Additionally, any column sorting will be string based, which is likely not what you want when sorting columns that are numbers in your spreadsheet, but formatted strings when pulled into Retool:

As you can see, a lot of Retool’s table features don’t work as well out of the box with formatted strings so we recently built the ability to read in unformatted typed values from Google Sheets.

Unformatted typed values

Now, if your Google spreadsheet has multiple data types, like booleans and numbers, you can instead choose to read in those typed values by selecting “Read data as typed values” in the Data Types section of your read query in the Query Editor. We default you to the original behavior, formatted strings:

But you can now switch to read in unformatted typed values:

Here’s an example of changing a query over to unformatted typed values. You’ll notice that Retool automatically detects the column format and allows other formats to be applied correctly. Also, sorting now works as you’d expect:

Updating a table with unformatted values

Earlier in our tutorial we walked through how to update data in your spreadsheet from changes in your Retool table. If the value in your “Filter by” is populated from a table, e.g. {{}}, and that table reads from a query with unformatted typed values, then we need to make the same distinction in our update query so that we can properly match rows from our Google spreadsheet.

Again, by default we will check “Compare formatted spreadsheet cell values,” but uncheck it like in the screenshot below to compare via unformatted typed values:

Bulk updating rows

New: Bulk update a spreadsheet by primary key

Previously, bulk updating a spreadsheet from a table required a lot of custom JS in Retool, so we built an action for it!

First, make sure that your data set in your Google Sheet has a primary key column — any column that has a unique value per row is a good candidate (e.g. a unique ID).

In our example spreadsheet, we could use phone_number as the primary key:

If your data set does not have a primary key, you can add a simple row number to identify your row:

Now, let’s say you've set up a query to read your data from your Google Sheet into a table:

Make sure that you make any columns you want to change editable (you can learn more about Retool's Table component in Working With Tables:

Now, you need to create your bulk update query and set it up so that it is triggered when you edit your table.

  1. Select Bulk update a spreadsheet by primary key from the actions list
  2. Add your primary key (e.g. phone_number)
  3. Add {{ your_table_name.recordUpdates }} as the Array of rows to update so that you're capturing the edits you make to the table
  4. Select that query as the Bulk update action for the table in the Bulk update action section of the right-hand panel

Lastly, remember to re-run your read query to populate your table with the updated values:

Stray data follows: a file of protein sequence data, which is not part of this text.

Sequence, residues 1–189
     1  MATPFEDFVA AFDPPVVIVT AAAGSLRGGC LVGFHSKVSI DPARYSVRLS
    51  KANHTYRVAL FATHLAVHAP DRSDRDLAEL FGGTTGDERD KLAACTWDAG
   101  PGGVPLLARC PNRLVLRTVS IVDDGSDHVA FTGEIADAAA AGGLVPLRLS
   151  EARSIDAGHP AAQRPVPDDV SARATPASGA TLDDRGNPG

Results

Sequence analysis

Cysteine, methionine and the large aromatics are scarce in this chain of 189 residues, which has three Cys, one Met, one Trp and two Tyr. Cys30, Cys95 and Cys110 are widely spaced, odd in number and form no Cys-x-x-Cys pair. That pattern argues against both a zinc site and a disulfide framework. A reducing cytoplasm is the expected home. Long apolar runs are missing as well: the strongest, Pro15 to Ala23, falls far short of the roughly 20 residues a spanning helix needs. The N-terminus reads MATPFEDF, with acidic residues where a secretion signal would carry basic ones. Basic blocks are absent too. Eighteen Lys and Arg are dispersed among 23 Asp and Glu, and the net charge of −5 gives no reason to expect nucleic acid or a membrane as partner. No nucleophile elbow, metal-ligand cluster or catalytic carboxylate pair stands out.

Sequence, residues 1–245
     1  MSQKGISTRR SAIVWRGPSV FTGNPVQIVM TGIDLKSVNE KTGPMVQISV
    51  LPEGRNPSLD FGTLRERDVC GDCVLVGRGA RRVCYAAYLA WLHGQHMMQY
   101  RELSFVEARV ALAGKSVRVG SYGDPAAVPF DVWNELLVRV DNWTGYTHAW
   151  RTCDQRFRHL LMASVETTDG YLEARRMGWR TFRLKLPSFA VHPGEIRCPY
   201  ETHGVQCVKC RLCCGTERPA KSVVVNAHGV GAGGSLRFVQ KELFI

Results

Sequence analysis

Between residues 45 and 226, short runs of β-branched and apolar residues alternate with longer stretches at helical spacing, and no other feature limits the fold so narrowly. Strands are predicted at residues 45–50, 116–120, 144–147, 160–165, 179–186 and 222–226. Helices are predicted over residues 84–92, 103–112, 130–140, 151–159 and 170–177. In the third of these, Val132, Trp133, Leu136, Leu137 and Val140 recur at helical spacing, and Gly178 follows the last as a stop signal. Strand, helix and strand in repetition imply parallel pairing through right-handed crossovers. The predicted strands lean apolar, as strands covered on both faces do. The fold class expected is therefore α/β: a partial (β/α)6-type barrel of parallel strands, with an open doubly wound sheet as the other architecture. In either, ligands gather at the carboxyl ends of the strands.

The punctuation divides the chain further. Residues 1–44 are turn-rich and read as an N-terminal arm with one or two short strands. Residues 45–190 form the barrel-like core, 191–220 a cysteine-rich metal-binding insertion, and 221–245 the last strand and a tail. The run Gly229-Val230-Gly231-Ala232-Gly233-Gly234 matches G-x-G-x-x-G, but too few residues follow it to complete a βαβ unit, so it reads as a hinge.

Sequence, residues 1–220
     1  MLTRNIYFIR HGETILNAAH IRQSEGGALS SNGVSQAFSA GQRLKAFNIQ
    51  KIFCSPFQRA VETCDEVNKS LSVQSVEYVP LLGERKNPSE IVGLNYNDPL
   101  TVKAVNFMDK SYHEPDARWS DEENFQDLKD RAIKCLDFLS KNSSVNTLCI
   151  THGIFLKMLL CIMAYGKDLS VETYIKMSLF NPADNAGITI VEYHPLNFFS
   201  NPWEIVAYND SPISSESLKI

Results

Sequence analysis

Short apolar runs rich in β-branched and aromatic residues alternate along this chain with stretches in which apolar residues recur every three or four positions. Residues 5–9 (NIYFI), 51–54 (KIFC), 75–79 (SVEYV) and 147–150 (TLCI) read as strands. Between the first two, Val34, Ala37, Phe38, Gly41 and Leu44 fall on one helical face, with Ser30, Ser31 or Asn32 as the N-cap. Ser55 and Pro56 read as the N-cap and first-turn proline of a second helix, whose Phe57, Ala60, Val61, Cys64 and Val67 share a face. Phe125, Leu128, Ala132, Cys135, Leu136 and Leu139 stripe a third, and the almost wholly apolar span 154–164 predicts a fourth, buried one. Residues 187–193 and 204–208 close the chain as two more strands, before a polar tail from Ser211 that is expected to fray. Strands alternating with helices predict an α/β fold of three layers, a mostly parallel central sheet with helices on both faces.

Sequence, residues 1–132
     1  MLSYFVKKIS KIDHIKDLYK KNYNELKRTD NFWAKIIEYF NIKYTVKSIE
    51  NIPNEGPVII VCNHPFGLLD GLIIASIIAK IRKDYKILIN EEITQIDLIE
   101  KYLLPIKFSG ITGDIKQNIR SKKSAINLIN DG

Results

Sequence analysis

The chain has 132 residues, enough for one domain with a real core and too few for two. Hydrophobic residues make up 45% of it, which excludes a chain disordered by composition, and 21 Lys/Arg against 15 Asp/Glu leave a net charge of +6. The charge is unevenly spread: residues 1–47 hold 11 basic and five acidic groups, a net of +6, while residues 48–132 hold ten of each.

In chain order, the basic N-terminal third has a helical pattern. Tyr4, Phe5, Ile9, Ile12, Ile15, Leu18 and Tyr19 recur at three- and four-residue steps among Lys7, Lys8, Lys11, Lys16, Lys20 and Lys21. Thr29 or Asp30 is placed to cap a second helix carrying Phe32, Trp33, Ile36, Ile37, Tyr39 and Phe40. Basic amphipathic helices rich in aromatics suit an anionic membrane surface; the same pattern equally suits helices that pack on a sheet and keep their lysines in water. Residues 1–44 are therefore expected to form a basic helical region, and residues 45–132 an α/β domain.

Now, you can edit multiple rows at once, click Save Changes and see those updates in your Google Spreadsheet!

Bulk update via JS Loop

If the action to bulk update a spreadsheet by primary key described above does not work for you, drop us a note at [email protected] You can also still use the following set of instructions to loop through each change to a row in the table, and trigger a single row update query for each change.

Here’s the table as it exists right now, after previously making all of the columns editable:

When you edit any cell, Retool adds the updated row to the table1.recordUpdates array. Also, you can click into the left panel to see the value of recordUpdates at any point in time. Try changing Priya's interested_in_beta_testing status from “FALSE” to “TRUE”:

Now you can write a row update query that will map to a single entry in recordUpdates. As before, you need to tell Retool which row to update, so we’ll use a filter on phone_number again, since it is a unique column value per row. Set the update value to be {{ table1.recordUpdates[i] }}.

The i variable will evaluate as 0 by default, making this a single update to the row filtered by table1.recordUpdates[0].phone_number. The values that are table1.recordUpdates[0] will be written to your Google sheet, effectively replacing the entire row with the updated values from Retool.

Next, create a new Run JS Code query to trigger the update_row query for each item in the recordUpdates array. Rename it to bulk_update.

Here you'll define i for each instance in the additionalScope object option on the .trigger() JS Method, and that i value will overwrite the default value. If the item is the last update, then you'll trigger your read query, query1 , to reload and show all of the changes in the table.

Here’s the code above:

const updates =,i) => {
    additionalScope: {"i":i},
    onSuccess: function(data) {
      if (i == table1.recordUpdates.length-1) {
return Promise.all(updates);

Last step! Set the table to use this JS Query as its "Bulk update action" setting in the inspector under the "Table Edit Queries" section of the table settings. That will cause the table to trigger the bulk_updates query when the "Save Changes" button is clicked by the user.